Contributing Editor

"Engineers create a better world." So says one MACHINE DESIGN reader who responded to the 2006 salary survey. And what do engineers receive in return? The average salary of the 1,100 people who responded to our survey is $73,300, up from $70,600 last year. (See MD, 03/17/05 pg. 64.) For most of those surveyed, salaries increased between 1 and 5%. Over half receive bonuses, and are rewarded based on company profit sharing and personal performance. Forty-one percent of people who get bonuses say the incentives amount to between 1 and 5% of their base pay.

We asked readers what caused them the most grief at work, and also what gave them the most satisfaction. Over half say challenging work assignments are what keeps them going. Another 18% feel their work environment and colleagues give them satisfaction. Forty-two percent of respondents feel their company doesn't have enough people and say this is their greatest source of dissatisfaction. Some 20% say time-to-market pressures stress them out.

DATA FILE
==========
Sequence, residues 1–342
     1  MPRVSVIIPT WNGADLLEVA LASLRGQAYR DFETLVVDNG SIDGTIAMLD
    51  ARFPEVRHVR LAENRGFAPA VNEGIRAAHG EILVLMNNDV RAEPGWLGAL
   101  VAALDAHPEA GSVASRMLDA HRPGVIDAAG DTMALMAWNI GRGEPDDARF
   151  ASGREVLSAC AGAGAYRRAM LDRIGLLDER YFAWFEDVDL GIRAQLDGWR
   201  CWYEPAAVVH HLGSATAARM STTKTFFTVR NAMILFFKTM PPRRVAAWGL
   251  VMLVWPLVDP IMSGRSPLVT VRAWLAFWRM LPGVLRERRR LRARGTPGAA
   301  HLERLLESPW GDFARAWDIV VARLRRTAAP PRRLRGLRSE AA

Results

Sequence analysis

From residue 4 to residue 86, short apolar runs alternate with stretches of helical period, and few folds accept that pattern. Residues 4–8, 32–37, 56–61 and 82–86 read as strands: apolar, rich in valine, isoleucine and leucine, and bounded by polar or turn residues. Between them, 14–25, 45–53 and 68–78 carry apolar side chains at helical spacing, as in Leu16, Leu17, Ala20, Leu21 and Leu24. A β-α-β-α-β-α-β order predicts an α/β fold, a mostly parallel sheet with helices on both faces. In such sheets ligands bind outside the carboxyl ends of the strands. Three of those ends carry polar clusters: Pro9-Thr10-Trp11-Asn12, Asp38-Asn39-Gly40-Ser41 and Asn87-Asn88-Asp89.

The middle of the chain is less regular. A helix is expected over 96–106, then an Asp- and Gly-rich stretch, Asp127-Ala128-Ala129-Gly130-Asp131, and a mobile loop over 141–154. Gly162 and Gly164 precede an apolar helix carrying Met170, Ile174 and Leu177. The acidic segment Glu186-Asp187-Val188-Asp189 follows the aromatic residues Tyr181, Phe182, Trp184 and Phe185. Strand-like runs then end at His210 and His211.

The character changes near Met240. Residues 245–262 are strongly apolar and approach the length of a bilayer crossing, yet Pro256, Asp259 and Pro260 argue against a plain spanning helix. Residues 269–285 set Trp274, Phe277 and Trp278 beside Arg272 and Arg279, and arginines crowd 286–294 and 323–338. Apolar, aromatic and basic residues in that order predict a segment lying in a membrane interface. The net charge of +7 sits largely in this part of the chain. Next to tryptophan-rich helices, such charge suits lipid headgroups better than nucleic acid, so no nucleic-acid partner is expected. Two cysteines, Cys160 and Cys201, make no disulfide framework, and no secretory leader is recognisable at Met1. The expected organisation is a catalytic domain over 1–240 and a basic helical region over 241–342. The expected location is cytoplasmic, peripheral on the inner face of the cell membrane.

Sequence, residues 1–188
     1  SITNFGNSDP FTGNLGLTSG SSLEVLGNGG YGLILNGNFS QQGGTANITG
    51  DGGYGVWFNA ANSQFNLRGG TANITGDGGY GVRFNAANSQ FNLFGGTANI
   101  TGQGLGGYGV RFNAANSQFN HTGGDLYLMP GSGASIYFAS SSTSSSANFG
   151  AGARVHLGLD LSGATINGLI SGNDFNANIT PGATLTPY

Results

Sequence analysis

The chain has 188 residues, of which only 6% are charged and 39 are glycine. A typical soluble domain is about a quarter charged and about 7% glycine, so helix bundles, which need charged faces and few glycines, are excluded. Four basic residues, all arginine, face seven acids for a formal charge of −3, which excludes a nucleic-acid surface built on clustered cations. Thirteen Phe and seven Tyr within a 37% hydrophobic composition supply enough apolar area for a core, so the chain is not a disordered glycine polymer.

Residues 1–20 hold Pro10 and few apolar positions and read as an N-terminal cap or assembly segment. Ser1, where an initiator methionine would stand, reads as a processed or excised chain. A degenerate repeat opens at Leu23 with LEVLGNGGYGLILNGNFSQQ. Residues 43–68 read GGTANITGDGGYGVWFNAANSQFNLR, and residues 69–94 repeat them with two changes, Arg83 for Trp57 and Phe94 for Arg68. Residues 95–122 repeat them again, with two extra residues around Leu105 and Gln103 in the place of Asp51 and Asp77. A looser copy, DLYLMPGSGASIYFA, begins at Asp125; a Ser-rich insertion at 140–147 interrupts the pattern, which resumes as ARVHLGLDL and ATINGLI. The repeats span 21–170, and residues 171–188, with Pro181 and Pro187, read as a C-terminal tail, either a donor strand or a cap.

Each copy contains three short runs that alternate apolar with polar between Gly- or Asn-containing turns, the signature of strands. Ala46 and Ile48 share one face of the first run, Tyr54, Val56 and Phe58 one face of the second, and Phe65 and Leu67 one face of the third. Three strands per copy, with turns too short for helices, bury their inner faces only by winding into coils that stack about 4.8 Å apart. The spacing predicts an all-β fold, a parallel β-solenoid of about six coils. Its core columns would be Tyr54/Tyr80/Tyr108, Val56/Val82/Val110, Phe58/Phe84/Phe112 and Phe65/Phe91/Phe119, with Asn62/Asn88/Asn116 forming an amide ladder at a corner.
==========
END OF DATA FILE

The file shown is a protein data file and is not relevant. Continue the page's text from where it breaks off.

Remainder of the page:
Every year we ask readers if they would recommend engineering to friends and children, and whether they think engineering is fun. A majority, 70%, recommend engineering, but most stipulate that they would only encourage it for youngsters who show technical aptitude. A whopping 84% think that engineering is fun, and enjoy the challenges of seeing products come to life. Many say engineering is fun as long as nontechnical tasks don't get in the way.

WHERE ENGINEERING IS HEADED
If you're in the right industry, with the right skills, you can demand more money. That's the word from Teresa Carroll, vice president of the Engineering Div., Kelly Engineering Resources, Troy, Mich. (kellyengineering.com). We asked her about the best and worst-paying industries and what it will take for engineers to survive in the future.